Thursday, November 11, 2010

Words of wisdom from a think tank

Once a year I have an opportunity to leave the traffic jams and delights of Bangkok to attend a Think Tank where a pool of top fund managers from companies like Schroder, HSBC, Aberdeen and Morgan Stanley, together responsible for billions of dollars under management, come together and share their thoughts on the global markets. This year it took place in Hong Kong and as usual was thought provoking.

One speaker made reference to the financial meltdown in 2008 and specifically September 15, 2008 when Lehman Brothers failed – ‘the day the music died’! He said the banking and financial industry was like a turkey in the run-up to Christmas. It was fed at the same time every day and lived a comfortable existence. It had no reason to believe anything would ever change. But then came Christmas, and suddenly everything changed!

The turkey didn’t make it beyond Christmas but the world has survived. It is a different world though. Developed countries are saddled with massive debts that have to be unwound, resulting in severe austerity measures, whilst developing countries have been enjoying almost unprecedented growth. So what we are seeing is a global rebalancing and this was the main theme of the Think Tank.

While a relatively brief column does not do justice to the many presentations, the following are some of the main points that may be of interest to readers:
·         Growth will be slow for a number of years in developed countries.
·         But it will be strong in emerging markets.
·         GDP growth in China could be as high as 10% pa.
·         Ten years ago the BRIC countries (Brazil, Russia, India and China) accounted for 15% of global growth. Today it is 45%.
·         The West now matters less to Asia, but it still matters!
·         Asia is predicted to have a middle class of 800 million by 2014

Mortgages account for a very small proportion of property markets in Asia. There is a lot less personal debt compared to the West.
·         Australia: a two-tier market with the West and the East driven high by commodities.
·         Singapore and Hong Kong: a strong rebound with 5% yields on property investments possible in both.
·         China: Much talk about the millions of completed but unoccupied apartments. A potential bubble situation.
·         Japan: very little yield here.
·         Overall risks in Asian property: over-supply and corporate governance.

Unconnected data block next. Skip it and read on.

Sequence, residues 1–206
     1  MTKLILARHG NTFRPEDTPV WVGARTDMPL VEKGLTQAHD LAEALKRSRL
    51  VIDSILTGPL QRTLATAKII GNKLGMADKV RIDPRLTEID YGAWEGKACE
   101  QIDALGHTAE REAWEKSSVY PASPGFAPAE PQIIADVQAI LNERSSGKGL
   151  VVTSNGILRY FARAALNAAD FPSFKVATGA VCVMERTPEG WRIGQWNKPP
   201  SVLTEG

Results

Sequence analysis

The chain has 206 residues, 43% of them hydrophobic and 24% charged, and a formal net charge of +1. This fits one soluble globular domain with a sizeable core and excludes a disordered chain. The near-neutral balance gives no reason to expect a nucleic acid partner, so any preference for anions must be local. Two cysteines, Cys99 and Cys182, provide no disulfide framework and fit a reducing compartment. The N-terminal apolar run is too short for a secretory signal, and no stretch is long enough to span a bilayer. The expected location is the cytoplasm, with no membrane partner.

·         Opportunities: population growth, urbanization in China, growth in consumer spending.

Commodities have frequently been the number one performer over the past ten years. Portfolios with commodities have outperformed.
·         Interest in agriculture has started to rise recently.
·         Strong demand from newly industrialized countries.
·         There is a finite supply and extraction costs are rising.

·         We now live in a two-speed world but developed economies are still dominant.
·         On currencies the GBP looks interesting versus other western currencies.
·         Despite bad news on employment and consumer confidence the corporate sector is in excellent shape and is sitting on a mountain of cash.
·         In Europe Greece is likely to default and Ireland may go the same way.
·         Equities are showing good value versus bonds. Dividend yields are now higher than yields on corporate bonds.
·         A lot of money is going into emerging markets.

We should not be making any drastic changes to the way we allocate assets and build up wealth through diversification. But the trends discussed do mean we should be shifting emphasis a bit more towards the regions of the world that are expanding, namely the emerging markets and Asia in particular. We still need to be cautious however if we see a bandwagon that is getting a trifle overloaded (e.g. the SET’s stellar performance this year). At the same time we cannot keep thinking that the West rules the world.

Bonds may look unattractive now but they still have an important part to play in adding security to a portfolio. The meltdown of 2008 has taught us to preserve a healthy level of liquidity and not to get heavily into debt. Also, the commodity story is ongoing. While governments can print money to their hearts’ content, real assets such as gold and oil are running out. Make sure you have some real assets in your portfolio. 

Written by guest contributor -    

Eric Jordan
Managing Director
Professional Portfolio International Ltd.
209/1 K Tower, Tower B, 19th Fl., Unit 4
Sukhumvit 21 Rd.(Asoke), Klongtoey Nua
Wattana, Bangkok 10110, Thailand
Tel   +662 664 0968;  +662 664 0145
Fax  +662 260 7769 

No comments:

Post a Comment